Sport Cycling Voeckler out of Tour Down Under

Voeckler out of Tour Down Under

Thomas Voeckler
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Hours after arriving in Adelaide for the Tour Down Under, Thomas Voeckler’s arm was in a sling and his plans for the coming cycling season were in tatters.

The French cycling star broke his right collarbone in a self-described stupid training accident on Wednesday and will fly home on Thursday for treatment.

It came just 12 days after Voeckler had minor surgery on the same collarbone to remove a plate that was inserted last April.

Voeckler, 34, is unsure how long he will be out of action this time.

He flew into Adelaide on Wednesday morning for next week’s Tour and then went for a short training ride with Europcar teammates.

Voeckler clipped a car that braked suddenly near the coastal suburb of Glenelg and he knew well before X-rays later in the afternoon at Sportsmed-SA that he had busted the collarbone again.

“A pedestrian crossed the road, so the car braked very quickly,” he said.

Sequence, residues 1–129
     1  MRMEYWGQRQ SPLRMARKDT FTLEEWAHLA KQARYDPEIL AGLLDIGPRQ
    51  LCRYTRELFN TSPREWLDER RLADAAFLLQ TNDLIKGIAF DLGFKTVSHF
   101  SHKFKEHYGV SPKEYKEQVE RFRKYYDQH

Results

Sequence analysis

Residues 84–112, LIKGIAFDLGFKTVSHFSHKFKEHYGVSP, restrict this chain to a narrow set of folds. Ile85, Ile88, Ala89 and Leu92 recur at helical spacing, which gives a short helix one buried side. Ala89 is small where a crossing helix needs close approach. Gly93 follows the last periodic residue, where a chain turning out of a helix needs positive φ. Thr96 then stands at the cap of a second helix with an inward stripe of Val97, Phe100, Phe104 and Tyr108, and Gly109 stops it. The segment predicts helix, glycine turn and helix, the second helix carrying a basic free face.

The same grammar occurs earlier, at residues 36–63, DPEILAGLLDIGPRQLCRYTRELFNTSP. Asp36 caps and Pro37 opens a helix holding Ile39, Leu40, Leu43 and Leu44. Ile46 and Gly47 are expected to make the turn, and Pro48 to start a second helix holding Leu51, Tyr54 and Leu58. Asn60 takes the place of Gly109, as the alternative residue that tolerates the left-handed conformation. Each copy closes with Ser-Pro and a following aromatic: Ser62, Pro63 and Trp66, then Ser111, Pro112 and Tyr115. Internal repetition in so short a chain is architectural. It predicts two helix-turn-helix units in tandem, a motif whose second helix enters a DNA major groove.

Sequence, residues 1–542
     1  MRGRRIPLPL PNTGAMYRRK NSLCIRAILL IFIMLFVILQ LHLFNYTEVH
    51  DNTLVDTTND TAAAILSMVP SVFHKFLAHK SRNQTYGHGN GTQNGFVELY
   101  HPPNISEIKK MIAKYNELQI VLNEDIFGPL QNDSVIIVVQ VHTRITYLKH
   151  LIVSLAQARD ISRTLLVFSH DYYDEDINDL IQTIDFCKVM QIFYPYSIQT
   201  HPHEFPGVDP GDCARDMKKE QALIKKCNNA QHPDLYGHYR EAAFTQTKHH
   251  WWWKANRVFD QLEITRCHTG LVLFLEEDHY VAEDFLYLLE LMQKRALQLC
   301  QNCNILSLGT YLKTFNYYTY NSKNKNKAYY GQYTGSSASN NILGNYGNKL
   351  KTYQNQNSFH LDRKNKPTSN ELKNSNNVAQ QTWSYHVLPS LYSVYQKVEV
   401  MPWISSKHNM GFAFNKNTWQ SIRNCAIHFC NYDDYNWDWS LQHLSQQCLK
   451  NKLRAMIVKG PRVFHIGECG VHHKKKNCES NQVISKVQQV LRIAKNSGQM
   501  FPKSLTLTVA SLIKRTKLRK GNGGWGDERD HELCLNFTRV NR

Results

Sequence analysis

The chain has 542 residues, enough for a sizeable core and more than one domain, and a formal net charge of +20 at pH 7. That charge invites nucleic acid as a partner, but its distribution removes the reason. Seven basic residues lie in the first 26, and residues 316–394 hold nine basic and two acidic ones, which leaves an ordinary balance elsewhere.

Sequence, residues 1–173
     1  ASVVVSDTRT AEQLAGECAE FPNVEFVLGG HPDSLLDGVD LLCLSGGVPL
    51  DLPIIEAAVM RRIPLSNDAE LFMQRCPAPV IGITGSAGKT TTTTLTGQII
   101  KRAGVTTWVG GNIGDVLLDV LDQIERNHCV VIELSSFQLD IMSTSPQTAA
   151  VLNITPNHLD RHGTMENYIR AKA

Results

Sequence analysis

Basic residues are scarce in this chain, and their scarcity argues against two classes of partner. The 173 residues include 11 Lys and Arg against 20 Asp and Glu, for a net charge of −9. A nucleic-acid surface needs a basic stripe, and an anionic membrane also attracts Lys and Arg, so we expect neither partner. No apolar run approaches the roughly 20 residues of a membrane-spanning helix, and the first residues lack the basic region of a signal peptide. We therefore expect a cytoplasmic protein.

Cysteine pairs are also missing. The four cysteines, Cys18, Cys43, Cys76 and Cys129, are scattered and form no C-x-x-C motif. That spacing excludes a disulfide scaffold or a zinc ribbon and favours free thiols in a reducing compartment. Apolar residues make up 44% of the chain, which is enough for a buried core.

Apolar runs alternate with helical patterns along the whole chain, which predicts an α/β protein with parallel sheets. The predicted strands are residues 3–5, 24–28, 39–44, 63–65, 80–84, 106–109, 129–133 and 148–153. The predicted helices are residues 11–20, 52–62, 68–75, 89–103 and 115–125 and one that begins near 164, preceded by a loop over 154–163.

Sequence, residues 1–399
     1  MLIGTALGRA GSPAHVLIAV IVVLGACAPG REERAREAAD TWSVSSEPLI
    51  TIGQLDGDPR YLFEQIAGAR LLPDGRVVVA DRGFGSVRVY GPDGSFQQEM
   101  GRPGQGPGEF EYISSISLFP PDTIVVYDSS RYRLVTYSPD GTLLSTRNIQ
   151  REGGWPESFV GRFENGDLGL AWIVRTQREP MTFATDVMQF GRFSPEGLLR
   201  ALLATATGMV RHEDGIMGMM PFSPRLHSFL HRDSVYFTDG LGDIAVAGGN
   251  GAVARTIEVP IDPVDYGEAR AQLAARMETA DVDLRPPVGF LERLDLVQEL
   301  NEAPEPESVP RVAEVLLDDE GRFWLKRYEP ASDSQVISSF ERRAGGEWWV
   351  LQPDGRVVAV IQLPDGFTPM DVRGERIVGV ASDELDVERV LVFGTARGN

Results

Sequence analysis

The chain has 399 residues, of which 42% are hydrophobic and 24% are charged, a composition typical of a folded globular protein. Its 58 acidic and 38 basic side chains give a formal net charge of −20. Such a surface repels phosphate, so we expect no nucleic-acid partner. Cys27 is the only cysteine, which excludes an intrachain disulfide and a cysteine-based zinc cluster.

“I didn’t have time to brake and I bumped into the car.

“I immediately understood my collarbone was broken … I know how it is.”

Voeckler also suffered a broken collarbone during the 2009 Paris-Nice race and broke his right collarbone last April at the Amstel Gold one-day classic.

He said in his 14 years as a professional cyclist, this is the first time he has collided with a car in training.

“When it’s during a race, you say to yourself ‘it’s your job, there are risks’,” Voeckler said.

“But when it’s stupid, like (today), just into a car – it’s not the car’s fault, but it’s a stupid crash, a really stupid crash.

“That happens sometimes – this time it’s happened to me.”

Voeckler said the one condition of returning to competition after having the plate removed earlier this month was that he could not afford to crash again.

“There was a small risk,” he said.

“I have to go back to France and go to the hospital – we’ll see how time it takes (before) I go back on the bike again.

“Now I have to take time to get better and we’ll see, step-by-step.

“In France you say ‘that’s the way it is’, but it is a pity.”

Voeckler was one of the top international riders in the January 19-26 Adelaide race and is well-known to Australian cycling fans.

His courageous racing style has earned him a big fan base.

Voeckler wore the yellow jersey as race leader for more than a week during the 2011 Tour de France, which Australian Cadel Evans eventually won.

“I was really happy to spend two weeks here, even if my shape is not 100 per cent,” Voeckler said of his Australian visit.

“When I’m racing somewhere, I always try to attack or take a breakaway.

“That was my goal this time.”

Europcar will not send for a replacement rider.